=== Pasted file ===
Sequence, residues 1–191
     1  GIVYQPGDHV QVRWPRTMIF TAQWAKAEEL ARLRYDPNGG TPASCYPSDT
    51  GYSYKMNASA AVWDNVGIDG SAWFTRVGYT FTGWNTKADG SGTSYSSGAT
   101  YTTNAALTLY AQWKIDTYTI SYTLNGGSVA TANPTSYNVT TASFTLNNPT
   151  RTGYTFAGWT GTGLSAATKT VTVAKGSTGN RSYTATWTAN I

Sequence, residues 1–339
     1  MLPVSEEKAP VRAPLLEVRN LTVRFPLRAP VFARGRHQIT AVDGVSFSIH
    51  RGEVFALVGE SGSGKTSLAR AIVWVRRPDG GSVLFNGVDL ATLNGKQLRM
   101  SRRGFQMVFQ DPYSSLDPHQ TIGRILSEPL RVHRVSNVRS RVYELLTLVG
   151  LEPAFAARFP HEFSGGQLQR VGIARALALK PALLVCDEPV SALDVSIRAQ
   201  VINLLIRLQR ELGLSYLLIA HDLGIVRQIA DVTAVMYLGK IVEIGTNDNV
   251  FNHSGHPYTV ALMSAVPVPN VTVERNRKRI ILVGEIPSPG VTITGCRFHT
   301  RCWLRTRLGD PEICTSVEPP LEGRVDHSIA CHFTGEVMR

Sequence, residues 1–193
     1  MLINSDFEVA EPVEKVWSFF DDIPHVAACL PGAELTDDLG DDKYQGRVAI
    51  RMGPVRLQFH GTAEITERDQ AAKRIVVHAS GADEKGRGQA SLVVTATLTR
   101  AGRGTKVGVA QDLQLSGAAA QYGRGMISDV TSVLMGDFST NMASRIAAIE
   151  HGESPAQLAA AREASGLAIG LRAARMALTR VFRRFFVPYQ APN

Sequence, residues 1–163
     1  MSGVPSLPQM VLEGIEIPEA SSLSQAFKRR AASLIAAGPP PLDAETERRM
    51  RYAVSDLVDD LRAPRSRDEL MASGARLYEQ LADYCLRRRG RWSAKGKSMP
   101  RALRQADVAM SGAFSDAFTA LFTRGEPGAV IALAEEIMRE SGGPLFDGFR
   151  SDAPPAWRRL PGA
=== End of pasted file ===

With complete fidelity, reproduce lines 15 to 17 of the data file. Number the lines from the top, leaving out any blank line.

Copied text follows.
     1  MLINSDFEVA EPVEKVWSFF DDIPHVAACL PGAELTDDLG DDKYQGRVAI
    51  RMGPVRLQFH GTAEITERDQ AAKRIVVHAS GADEKGRGQA SLVVTATLTR
   101  AGRGTKVGVA QDLQLSGAAA QYGRGMISDV TSVLMGDFST NMASRIAAIE